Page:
During the production of G.L. Watson – The Art and Science of Yacht Design, we remained slaves to our maxim of never using a previously published image if at all possible.
It was very hard work, but we always knew it was worth the trouble; after all, such a book had to be designed and built with at least the same kind of care and attention to detail its subject imposed upon himself, his staff and his builders.
Previously unpublished images will always be coming out the woodwork, either by discovery, sleuthing, or because their owners have been biding their time for a proper platform for them.
Today, the email sailing newsletter Scuttlebutt Europe published some very poignant, previously unseen snapshots of G.L. Watson’s masterpiece, Britannia, launching for the last time from Marvin’s Yard, East Cowes in 1936, and of her gear being sold off to the hammer of a very dapper auctioneer.
[Update 17 November 2014: Sadly the original set of photos is no longer available at the Scuttlebutt gallery archive; the link above is now to the one remaining image at Yachting Monthy’s website which should be clicked to enlarge.]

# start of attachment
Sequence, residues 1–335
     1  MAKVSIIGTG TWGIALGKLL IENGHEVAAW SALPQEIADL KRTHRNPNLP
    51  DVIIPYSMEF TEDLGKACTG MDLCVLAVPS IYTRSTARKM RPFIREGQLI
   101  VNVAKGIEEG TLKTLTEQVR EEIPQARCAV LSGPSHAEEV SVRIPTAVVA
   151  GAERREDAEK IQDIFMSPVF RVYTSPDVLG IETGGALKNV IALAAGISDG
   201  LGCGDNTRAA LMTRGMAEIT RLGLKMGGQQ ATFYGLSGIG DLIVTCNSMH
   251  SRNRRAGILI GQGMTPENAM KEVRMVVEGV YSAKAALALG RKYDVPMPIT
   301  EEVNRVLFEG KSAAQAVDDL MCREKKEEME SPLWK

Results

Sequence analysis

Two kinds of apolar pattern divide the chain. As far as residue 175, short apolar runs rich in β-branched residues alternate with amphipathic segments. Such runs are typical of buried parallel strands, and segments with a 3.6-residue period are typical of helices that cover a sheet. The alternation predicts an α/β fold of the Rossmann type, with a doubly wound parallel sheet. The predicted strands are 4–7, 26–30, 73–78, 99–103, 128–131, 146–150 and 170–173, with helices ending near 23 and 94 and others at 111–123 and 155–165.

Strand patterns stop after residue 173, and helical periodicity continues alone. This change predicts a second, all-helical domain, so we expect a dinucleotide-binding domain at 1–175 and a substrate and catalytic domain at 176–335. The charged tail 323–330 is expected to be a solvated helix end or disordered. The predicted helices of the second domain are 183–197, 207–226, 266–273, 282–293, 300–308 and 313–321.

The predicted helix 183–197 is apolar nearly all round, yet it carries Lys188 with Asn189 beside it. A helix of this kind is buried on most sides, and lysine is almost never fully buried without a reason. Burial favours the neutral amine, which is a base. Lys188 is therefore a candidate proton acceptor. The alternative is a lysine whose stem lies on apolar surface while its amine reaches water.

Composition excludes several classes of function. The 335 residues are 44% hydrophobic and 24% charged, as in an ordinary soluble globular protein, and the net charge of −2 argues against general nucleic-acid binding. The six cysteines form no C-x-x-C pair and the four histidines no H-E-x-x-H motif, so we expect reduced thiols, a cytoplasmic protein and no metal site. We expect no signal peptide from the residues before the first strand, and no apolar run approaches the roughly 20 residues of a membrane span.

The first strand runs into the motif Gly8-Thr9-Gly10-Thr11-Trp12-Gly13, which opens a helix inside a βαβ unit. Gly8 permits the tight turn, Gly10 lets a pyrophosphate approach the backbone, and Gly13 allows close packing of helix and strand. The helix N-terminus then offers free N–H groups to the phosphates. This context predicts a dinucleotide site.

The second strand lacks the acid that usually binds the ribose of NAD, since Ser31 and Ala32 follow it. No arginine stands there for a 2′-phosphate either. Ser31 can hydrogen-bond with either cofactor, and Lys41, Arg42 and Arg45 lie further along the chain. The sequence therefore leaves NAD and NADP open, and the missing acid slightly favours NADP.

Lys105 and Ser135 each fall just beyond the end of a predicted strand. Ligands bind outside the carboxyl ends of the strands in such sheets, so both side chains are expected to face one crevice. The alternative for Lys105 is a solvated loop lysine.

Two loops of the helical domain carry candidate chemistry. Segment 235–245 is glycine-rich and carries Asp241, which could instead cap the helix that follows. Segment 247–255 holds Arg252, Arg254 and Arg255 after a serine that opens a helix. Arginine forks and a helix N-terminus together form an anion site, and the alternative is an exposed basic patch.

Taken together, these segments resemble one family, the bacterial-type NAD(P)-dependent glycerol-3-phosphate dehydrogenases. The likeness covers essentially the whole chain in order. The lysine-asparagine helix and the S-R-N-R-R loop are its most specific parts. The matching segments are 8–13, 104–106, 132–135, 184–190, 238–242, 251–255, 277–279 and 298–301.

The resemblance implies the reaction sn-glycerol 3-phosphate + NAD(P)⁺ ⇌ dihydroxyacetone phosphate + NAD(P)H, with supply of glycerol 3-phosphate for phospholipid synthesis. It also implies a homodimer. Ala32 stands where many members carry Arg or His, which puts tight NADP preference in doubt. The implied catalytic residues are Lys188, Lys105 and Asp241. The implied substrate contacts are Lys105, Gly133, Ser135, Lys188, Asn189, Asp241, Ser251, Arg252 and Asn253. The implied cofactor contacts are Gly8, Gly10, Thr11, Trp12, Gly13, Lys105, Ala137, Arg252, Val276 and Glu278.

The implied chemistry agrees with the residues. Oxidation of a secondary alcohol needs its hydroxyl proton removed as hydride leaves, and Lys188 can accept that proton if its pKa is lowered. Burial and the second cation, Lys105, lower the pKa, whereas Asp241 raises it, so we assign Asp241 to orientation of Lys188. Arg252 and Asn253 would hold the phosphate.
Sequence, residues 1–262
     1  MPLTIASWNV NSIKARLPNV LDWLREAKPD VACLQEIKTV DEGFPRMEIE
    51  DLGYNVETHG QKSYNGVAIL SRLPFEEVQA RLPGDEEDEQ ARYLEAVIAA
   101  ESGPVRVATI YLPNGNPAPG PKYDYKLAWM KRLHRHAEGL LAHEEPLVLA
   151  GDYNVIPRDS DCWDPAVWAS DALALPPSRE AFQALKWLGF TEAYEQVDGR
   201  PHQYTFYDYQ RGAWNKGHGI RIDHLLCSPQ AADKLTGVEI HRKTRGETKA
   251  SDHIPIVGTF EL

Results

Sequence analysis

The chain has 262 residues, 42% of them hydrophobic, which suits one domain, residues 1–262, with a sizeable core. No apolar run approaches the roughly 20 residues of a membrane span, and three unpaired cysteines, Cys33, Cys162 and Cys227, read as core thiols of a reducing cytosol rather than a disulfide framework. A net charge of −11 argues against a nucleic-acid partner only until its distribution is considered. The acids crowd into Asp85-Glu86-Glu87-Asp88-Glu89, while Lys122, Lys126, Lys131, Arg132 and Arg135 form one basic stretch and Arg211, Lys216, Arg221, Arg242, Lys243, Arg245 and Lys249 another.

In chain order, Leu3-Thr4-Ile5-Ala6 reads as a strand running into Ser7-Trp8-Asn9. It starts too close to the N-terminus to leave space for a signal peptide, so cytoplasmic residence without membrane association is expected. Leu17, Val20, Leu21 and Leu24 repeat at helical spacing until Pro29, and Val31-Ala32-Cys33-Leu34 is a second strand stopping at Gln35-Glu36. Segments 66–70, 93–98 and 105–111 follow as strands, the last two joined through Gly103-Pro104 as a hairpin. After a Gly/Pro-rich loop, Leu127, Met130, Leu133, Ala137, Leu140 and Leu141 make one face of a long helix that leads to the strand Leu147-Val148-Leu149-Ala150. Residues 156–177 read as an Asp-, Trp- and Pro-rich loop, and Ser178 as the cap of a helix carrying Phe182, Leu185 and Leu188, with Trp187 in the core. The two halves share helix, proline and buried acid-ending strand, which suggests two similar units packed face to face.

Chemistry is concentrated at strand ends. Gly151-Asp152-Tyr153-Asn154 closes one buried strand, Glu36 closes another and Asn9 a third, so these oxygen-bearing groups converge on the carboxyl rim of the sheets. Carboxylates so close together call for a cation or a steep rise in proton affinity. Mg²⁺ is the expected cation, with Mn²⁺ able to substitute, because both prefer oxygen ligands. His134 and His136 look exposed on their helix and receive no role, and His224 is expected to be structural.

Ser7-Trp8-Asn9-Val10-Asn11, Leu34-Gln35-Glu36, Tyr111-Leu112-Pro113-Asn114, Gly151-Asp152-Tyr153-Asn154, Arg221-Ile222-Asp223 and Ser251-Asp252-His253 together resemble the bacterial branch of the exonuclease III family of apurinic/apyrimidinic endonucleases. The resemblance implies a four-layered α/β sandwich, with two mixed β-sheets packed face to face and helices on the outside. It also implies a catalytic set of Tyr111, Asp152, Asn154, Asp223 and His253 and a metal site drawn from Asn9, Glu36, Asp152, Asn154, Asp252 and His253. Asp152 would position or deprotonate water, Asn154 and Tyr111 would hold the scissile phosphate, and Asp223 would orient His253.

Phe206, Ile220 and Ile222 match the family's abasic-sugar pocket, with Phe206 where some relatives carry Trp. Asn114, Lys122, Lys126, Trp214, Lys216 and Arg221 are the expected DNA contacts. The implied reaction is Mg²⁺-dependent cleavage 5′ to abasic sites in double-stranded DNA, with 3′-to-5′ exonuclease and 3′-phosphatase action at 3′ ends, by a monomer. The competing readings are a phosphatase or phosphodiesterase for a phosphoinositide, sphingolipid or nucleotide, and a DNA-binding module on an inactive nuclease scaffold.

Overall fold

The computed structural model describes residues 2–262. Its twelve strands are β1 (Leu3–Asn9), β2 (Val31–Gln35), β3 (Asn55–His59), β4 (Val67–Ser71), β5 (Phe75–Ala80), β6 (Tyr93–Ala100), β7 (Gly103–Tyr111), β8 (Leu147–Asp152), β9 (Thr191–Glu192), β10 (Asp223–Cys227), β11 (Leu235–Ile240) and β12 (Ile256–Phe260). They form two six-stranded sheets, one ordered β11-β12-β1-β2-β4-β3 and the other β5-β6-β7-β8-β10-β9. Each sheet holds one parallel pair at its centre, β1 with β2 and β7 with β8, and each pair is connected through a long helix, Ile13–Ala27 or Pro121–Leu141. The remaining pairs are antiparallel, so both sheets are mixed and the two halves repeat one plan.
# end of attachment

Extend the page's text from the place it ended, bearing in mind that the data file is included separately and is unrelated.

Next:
They were taken by the harbour master of the time who was tasked with escorting the Royal cutter out of the Medina River as she was towed to her watery grave.
Despite the ungainly temporary tiller, she looks great, still holding onto her exquisite sheerline despite the years of hard sailing, latterly with the huge “Marconi” mast required for her rating as a J-Class. She’s even shining in the sunlight.
~ Iain McAllister ~